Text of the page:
Oxfam today stepped up its relief effort to help an initial 350,000 people hit by the earthquake in Nepal, providing clean water, toilets and shelter to thousands of people.
One month into the crisis, Oxfam warns that power stations in Yemen are almost out of fuel, phone networks are suffering extensive damage, and the banking system is at a standstill. The escalation in violence has also damaged the water infrastructure leaving millions of Yemenis without clean water.
Oxfam is gearing up to deliver clean water and sanitation to thousands. Some 30,000 people are currently living in makeshift shelters in 16 government camp locations, too scared to return to their homes for fear of the aftershocks.
Oxfam's team in Nepal are assessing humanitarian need following the devastating earthquake. In addition a team of technical experts are preparing to fly from the UK with supplies to provide clean water, sanitation and emergency food supplies.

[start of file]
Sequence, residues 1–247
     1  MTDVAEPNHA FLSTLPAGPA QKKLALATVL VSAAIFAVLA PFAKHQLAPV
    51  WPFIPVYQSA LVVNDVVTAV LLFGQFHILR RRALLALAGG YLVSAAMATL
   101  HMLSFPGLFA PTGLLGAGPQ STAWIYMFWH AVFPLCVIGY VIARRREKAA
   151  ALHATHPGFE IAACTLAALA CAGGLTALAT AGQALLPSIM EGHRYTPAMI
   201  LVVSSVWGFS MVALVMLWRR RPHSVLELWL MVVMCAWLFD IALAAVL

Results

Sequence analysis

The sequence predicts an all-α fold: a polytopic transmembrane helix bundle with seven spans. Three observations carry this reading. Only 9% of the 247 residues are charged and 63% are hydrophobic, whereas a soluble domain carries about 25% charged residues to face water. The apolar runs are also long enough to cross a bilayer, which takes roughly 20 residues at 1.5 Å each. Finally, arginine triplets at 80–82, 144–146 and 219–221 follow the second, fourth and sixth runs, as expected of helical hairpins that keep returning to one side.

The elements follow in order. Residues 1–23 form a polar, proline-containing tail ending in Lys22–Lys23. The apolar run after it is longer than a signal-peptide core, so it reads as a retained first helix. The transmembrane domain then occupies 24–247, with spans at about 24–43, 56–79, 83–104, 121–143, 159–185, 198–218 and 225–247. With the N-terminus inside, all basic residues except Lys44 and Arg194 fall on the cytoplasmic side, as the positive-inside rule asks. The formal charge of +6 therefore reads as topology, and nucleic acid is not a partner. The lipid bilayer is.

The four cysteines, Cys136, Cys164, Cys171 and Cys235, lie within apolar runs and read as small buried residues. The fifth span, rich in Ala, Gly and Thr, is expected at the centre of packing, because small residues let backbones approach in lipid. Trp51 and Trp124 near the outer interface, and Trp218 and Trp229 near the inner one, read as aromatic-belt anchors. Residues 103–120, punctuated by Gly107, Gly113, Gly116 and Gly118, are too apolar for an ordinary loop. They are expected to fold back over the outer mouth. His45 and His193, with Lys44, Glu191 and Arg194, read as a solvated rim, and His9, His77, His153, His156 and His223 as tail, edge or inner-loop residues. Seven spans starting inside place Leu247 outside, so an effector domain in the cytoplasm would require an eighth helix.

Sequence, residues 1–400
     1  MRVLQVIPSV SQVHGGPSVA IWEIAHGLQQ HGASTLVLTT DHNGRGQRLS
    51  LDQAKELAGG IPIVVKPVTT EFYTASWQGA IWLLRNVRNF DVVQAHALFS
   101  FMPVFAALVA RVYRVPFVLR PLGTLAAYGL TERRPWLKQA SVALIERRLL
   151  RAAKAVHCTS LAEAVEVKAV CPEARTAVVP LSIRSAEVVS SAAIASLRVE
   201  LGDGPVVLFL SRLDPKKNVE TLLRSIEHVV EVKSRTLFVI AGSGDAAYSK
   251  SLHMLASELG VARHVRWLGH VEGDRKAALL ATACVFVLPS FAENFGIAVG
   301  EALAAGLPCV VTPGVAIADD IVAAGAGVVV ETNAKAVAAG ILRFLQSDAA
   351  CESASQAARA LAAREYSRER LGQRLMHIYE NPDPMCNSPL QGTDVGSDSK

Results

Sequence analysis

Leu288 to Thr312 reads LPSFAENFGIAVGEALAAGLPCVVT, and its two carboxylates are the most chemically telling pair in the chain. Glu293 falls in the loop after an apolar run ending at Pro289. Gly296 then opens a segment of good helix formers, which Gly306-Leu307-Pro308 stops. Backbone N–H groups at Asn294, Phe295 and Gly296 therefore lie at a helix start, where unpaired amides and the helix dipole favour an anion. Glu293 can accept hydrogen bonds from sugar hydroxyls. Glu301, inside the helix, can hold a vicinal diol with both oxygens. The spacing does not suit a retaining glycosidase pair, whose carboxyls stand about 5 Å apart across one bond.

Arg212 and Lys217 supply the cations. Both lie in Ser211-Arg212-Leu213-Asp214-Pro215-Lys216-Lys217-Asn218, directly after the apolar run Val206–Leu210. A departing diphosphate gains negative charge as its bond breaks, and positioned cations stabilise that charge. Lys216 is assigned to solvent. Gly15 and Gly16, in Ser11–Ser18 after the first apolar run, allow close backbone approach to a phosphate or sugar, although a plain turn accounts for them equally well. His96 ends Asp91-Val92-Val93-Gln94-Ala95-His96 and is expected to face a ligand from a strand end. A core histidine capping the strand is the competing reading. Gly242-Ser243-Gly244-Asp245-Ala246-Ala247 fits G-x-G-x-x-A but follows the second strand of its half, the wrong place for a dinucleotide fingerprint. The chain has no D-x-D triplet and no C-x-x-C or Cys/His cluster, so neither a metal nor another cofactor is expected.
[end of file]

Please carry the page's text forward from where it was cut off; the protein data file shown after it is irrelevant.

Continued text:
Oxfam is the lead agency on the design of the new water network inside Za’atari camp which will provide refugees in with more equitable access to adequate amounts of good quality water by establishing connections at the household level.
Oxfam warns that the international community should push for an immediate ceasefire and allow aid into the country.
One month after Cyclone Pam hit Vanuatu, water remains a high priority, with small islands dependent on rainwater most in need, Oxfam said today.
900,000 people in El Salvador do not have access to proper food and 1.5 million people do not have access to drinking water. However, this reality can be changed.
Aid actors estimate that $8.7 billion is needed in 2015 to support 18 million people in Syria and neighbouring countries, the equivalent to a little more than one US dollar per person per day.
Water is life. Water is on everyone’s mind, and as we observe World Water Day on 22 March, the time has come for us to take action and find ways to conserve this limited resource so that future generations can also make use of it.